Getting started with PyTest

PyTest, is an open source testing framework for Python. Its widely, used from simple to complex applications. Its rich features, made it the most popularly used Python framework for unit testing, although it can be used to test Database and UI related scenarios. This framework gives us flexibility to choose which tests to be executed or skipped through simple rules. It also allows parallel execution of tests which saves good amount of time for lengthy test suites.


Environment used: Python 3.7 in PyCharm


Install pytest : pip install pytest


Confirm the installation: pytest -h, which will display the help.


Now that we are good to start, below is the list of basic PyTest features covered here: -Naming Conventions -Adding Assertions -Basic Test -Fixtures -conftest.py -Parallel Testing


Naming Conventions:


PyTest has set some simple rules to follow to name tests and test files in order to get them executed.


Filenames: Filenames should start with test_ or end with _test to be identified by the framework to execute them by default.


To execute tests in a directory we use the command: C:\PyTestProject> pytest


If a directory contains files named as: test_add.py add_test.py demo.py


test_add.py and add_test.py are executed automatically as pytest command detects them as

test files.


We can also execute tests in a file, that do not follow the naming convention by explicitly specifying the filename after pytest command as, C:\PyTestProject>pytest demo.py


We can also use this way to run any one test file explicitly, C:\PyTestProject>pytest test_add.py


Test names: PyTest, only considers to execute the definitions that start with test. If a definition name do not start with test then, it’s not executed and there is no way to explicitly make it run. Hence, if you decide the definition to be executed by PyTest then, do not forget to prefix the name with test.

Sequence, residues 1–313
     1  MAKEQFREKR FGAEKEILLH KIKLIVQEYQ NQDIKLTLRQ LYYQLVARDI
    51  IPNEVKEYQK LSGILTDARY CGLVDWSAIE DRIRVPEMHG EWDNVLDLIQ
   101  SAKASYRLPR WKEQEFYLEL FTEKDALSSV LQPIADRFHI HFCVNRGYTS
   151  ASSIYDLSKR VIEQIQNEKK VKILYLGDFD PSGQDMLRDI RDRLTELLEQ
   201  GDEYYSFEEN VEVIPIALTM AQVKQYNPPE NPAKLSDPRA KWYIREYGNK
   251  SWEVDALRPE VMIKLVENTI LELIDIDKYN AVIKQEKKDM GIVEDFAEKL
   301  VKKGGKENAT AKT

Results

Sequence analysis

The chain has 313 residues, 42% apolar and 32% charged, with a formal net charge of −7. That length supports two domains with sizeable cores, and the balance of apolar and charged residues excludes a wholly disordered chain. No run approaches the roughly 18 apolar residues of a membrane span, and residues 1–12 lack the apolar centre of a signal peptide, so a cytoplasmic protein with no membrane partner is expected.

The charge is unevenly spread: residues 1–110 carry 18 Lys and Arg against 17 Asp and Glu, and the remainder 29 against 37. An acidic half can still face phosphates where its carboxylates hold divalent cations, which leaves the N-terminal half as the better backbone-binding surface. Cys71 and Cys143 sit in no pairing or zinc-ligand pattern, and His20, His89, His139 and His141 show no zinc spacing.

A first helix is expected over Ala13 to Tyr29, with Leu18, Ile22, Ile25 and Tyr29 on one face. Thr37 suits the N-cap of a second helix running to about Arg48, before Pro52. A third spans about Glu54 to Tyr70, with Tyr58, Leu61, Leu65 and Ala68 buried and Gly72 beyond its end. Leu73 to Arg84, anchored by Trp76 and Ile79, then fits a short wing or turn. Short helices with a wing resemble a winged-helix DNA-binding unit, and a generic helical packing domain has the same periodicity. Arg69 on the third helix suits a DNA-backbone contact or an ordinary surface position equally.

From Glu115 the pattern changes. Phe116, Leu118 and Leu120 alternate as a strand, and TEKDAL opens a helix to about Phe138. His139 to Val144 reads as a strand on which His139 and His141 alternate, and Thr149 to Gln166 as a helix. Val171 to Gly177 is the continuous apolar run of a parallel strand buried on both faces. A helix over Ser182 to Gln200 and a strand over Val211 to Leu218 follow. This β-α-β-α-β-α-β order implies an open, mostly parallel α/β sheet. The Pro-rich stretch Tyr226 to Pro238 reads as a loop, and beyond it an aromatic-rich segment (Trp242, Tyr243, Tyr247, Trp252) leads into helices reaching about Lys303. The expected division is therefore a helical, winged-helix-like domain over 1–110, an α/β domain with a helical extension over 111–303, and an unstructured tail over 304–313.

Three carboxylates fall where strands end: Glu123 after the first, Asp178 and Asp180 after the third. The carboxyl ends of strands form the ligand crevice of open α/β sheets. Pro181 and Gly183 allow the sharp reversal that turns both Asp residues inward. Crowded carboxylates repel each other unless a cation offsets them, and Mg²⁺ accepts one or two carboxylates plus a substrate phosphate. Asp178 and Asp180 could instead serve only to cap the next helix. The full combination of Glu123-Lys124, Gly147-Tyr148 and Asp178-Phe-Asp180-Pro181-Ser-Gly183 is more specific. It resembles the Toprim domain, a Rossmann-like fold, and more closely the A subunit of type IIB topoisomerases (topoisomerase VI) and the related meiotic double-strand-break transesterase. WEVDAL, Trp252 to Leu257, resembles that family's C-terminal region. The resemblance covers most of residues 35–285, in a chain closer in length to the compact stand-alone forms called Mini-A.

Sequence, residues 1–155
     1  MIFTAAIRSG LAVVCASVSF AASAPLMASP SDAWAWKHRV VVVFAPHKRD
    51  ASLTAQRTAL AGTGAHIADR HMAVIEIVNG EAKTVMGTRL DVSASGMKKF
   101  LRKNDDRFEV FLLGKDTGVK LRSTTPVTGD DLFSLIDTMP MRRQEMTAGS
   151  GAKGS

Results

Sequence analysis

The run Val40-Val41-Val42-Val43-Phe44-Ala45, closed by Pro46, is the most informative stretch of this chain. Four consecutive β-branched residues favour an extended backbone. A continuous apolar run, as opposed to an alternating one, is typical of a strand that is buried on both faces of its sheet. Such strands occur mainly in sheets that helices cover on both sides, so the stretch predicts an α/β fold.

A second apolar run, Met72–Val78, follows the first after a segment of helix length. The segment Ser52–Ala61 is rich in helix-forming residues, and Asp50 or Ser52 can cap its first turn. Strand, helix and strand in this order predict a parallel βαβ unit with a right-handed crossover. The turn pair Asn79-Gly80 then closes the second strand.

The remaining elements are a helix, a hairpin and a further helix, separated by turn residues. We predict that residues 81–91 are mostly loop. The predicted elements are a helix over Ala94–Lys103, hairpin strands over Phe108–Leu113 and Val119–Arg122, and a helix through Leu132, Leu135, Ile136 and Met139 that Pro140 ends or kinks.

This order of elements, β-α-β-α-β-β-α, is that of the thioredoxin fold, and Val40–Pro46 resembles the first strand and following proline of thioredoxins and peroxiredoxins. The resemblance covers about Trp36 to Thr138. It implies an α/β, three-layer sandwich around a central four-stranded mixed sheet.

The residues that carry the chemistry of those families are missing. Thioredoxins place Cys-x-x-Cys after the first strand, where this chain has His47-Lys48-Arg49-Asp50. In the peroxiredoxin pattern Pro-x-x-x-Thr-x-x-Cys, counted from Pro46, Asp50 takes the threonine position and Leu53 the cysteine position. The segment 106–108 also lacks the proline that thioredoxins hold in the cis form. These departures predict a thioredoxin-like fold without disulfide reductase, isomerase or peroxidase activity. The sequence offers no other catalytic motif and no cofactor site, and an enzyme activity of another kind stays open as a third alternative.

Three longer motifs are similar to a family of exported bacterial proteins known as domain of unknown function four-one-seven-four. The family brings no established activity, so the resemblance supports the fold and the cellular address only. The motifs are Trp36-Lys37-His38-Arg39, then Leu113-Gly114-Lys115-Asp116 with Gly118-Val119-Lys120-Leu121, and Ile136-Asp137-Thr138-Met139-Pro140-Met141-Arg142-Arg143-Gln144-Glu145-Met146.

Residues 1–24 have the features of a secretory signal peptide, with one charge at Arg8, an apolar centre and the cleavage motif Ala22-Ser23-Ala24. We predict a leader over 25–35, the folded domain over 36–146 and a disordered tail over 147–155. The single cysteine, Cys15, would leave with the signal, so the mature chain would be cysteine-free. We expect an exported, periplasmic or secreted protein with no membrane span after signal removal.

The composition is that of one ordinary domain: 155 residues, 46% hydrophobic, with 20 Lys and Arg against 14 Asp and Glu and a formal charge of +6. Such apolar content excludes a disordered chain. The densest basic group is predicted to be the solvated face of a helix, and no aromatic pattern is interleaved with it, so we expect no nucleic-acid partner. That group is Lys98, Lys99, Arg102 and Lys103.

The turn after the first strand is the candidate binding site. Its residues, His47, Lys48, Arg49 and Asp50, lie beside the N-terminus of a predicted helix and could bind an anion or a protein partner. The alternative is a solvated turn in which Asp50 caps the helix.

If a file contains the following definitions, which ones do you think will be considered as tests by PyTest:

test_name() testaddress() city_test() test_state() citytest() details()


Hope you got it right, the following tests are executed.

test_name() testaddress() test_state()


Adding Assertions:


Before we start with a basic test, let’s see the assert statement in PyTest.

def test_compare():
    assert 5==6

Here, the assert keyword compares the values and returns the result as True or False, in this case its False.


Output error shown as:

def test_compare():
> assert 5==6
E assert 5 == 6

Detailed assertions: Here we add 2 numbers, compare to a result and also mention the details with the following syntax when an assertion failure occurs.This way helps in debugging.

def test_add():
    a=2
    b=3
    assert a + b == 6, "Expected: {}, Result: {}".format(a+b,6)

Output error shown as:

def test_add():
a=2
b=3
> assert a + b == 6, “Expected: {}, Result: {}.format(a+b,6)
E AssertionError: Expected: 5, Result: 6E assert (2 + 3) == 6

Another test that returns True.

def test_compare():
    assert 10==10

returns True.


We can also write simple assertions like,

assert True, a successful assertion.
assert False, an assertion failure.

Also, note that if an assertion failure occurs, it stops the execution of that test at that point and goes to next test.


Basic Test:


Let’s start with a basic test now,

Create any directory like, PyTestProject\Arithmetic and create the following file under it.

arithmetic_test.py

def test_add():
    a=6
    b=3
    assert a + b == 9, “Expected: {}, Result: {}.format(a+b,9)
 
 def testsubtract():
     a=6
     b=3
     assert a-b == 2, “Expected:{}, Result: {}.format(a-b,2)
 
 def multiplytest():
     a=6
     b=3
     assert a * b == 6, “Expected: {}, Result: {}.format(a*b,6)
 
 def divide():
     a=6
     b=3
     assert a/b == 2, “Expected:{}, Result: {}.format(a/b,2)

Understanding the output:

C:\PycharmProjects\PyTestProject\Arithmetic>pytest
=======test session starts ========================================
platform win32 — Python 3.7.7, pytest-5.4.3, py-1.8.2, pluggy-0.13.1
rootdir: C:\PycharmProjects\PyTestProject\Arithmetic
collected 2 items
arithmetic_test.py .F [100%]
=====================================================================================FAILURES =======================================
___________________________________________________________________                  testsubtract ___________________________________________________________________
def testsubtract():
a=6
b=3
> assert a-b == 2, “Expected:{}, Result: {}.format(a-b,2)
E AssertionError: Expected:3, Result: 2
E assert (63) == 2
arithmetic_test.py:9: AssertionError
===================short test summary info ========================================
FAILED arithmetic_test.py::testsubtract — AssertionError: Expected:3, Result: 2